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You can always cut off all the leaves, dig it up, and check the roots/bottom of the caudex for rot. If it's really moist down there, that's a good possibility. If it is rotting, cut off the bad part, let it dry out a week and apply rooting hormone to it. Then plant in perlite and leave for a year... once rooting again, replant it.
If you are worried about minor (trace) elements there is a product that many garden centers carry, usually for citrus here in FL because we grow so much. It is called chelated minerals and it can be a dry powder or liquid that you mix with water. It will work the fastest. Usually Texas soils are not deficient, especially if you have black clay, but it is worth a try and can't hurt. You might want to try feeding your Sago some miracle gro or its generic. Sometimes yellowing is caused by lack of nitrogen, but I would guess that is not your problem. Try both! If it has been raining a fair amount you might want to skip the watering for awhile and if you are having a dry, hot TX summer try flooding irrigation. Put the hose out there and really soak that baby. Also take a small part of the leaf off that is yellow and turn it over, under a magnifying glass and look for bugs or damage from them.
I wouldn't water it all. I have a few big sago and I have them in sandy soil in a relatively dry area. It just grows no care at all no problems. Everytime I see a problem with palms it seems to always be to much water.
Its not always easy to know just how much water your plant is getting as it also depends on factors like your local rainfall and type of soil and whether the plant is in competition for water from others around it. You say you have watered it once a week, but you don't say how much you give it. Maybe it should be a longer drink but less often.
I live in a mediterranean climate and it is pretty hot and dry right now.
Our Sago palm has started to go yellow on the older leaves. Interesting about the water issue because almost a year ago, as a water saving measure, we turned off our irrigation and are now watering all the plants that need it by hose from a well. So *these* yellowing leaves are certainly not due to rot.
Didn't think to water the Sago as I though it was drought tolerant. Today I admitted that it isn't as drought tolerant as I thought!!!!! I have cut off the yellow fronds now and given it a good soak. Of course it could survive under watering to a degree but we don't want our precious plants to merely survive we want them to thrive and look great.
It has never been fed as I presumed it got all the nutrients it needs from the good old earth. Am I wrong? Or is it only container grown ones that need feeding?
Palm Bob - I don't doubt that your method works for a rotting stem but it sounds a bit drastic to do all that digging up if it is a simple matter of under watering or lack of trace elements?
Agree. Out here in California it is NEVER due to lack of trace elements. Our soils have too much clay to ever be lacking in trace elements (in a plant that is in the ground at least). But lack of water is a common problem. Overwatering is also a common problem, though, especially if planted in heavy clay (common out here). Sometimes it's hard to tell the difference (soils can be really dry on top, but 6" down mud)... if you are SURE it's not overwatering, just remove the leaves you don't like and keep on going.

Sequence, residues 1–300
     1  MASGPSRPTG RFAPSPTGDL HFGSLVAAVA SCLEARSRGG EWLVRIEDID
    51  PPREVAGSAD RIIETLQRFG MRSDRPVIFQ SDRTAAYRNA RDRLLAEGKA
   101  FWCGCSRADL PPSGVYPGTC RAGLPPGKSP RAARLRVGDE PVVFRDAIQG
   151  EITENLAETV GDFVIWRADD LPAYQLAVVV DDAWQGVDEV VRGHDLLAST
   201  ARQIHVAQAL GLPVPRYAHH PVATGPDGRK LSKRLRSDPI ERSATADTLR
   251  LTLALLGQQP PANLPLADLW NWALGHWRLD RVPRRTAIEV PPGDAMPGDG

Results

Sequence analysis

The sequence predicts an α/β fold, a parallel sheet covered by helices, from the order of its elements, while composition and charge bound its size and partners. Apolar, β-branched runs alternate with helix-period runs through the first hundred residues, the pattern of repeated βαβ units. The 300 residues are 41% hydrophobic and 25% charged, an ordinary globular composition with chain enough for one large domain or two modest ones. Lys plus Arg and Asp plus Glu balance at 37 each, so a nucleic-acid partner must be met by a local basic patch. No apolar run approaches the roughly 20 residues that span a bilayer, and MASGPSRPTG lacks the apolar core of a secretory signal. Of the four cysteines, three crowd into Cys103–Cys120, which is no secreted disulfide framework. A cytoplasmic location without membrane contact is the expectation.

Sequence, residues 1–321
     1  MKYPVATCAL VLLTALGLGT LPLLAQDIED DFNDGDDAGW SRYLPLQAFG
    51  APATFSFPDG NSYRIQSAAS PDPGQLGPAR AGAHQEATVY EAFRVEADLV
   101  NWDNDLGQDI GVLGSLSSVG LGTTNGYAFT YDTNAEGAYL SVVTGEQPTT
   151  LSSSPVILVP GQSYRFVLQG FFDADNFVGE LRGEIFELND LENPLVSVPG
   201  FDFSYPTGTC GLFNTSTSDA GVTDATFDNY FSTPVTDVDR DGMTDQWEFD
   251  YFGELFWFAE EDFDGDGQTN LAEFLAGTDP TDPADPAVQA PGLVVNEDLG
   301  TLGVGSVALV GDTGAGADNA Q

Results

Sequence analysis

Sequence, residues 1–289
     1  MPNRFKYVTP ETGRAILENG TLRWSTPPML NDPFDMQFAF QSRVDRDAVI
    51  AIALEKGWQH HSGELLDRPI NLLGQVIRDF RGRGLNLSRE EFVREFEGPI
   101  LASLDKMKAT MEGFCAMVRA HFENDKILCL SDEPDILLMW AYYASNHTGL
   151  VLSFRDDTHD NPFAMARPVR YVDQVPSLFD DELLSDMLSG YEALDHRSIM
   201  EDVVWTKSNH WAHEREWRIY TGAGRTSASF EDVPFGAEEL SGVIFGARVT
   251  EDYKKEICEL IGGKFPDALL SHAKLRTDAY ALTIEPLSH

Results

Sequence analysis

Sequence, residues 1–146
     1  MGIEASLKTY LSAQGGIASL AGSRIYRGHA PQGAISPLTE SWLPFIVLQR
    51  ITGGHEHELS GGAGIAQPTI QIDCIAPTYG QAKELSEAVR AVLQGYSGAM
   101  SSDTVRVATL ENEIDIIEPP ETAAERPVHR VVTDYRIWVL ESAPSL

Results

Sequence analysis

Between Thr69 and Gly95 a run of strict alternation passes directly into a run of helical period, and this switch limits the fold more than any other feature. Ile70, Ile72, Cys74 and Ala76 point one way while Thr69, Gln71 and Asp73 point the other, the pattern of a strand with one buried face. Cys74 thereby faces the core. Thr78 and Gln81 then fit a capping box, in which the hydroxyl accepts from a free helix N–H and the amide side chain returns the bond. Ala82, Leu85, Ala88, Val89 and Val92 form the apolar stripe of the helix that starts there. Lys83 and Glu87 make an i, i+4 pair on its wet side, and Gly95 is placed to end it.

Would you ever recommend just cutting off all the leaves on a Sago that isn't doing well and letting it settle itself down and start all over again? I'm not happy with the look of the pups that are growing right now, and think I might want to cut them all back, repot to clay pots. Please advise. Thanks.
I'm carmex in nc. i just purchased a sago in feb. from home depo. it was too cold to plant in ground , so i just left it in the pot from home depo and put in my garage. and is still in the pot. i did not know i could leave it outside here in our climate in the winter. so i'm waiting. it is in outside now . all i have done is water it about every2 weeks, but it drained right out. when i bought it it had some blue crystals at the base. some kind of fertliizer i guess. but it is going strong. i will be planting it soon. we are so suppose to have a freak frost this sunday pm. i'm to afraid to plant it until i am sure it is ok. i have a client that has one , for about 7-9 years in a pot. two winters ago they forgot to briing it in and it turned all yellow. in the spring they clipped of all the dead . and about 18 more beautiful branches grew..so they now, just nature take it course, and is beautiful.
Thanks to all , for all the tips!!!
I water mine every three to four days in San Antonio and when the summer gets really hot every two to three. That is the same for all my cycads and most of my palms.
I do use Tom Broome's cycad fertilizer and a store bought fertilizer for the palms. A lot of plants will do fine with out it but do outstanding with it. I'd rather have the outstanding.
I don't see where anyone has mentioned cycad scale. Has anyone seen that in Texas? I was reading an article by Tom Broome, here is the paragraph- "Infected plants from Miami-Dade County nurseries have been sent to many areas of the United States by chain stores. People have seen infected plants in Alabama, California, Georgia, Hawaii, Louisiana, South Carolina, Texas, and many other areas in Florida. From what I understand, there are parts of Hawaii that have infestations just as bad as in Miami. "
Anyway, of course being that I am in South Florida when I hear the general sago is turning yellow that is the first thing I think of...may or may not be worth mentioning in this case.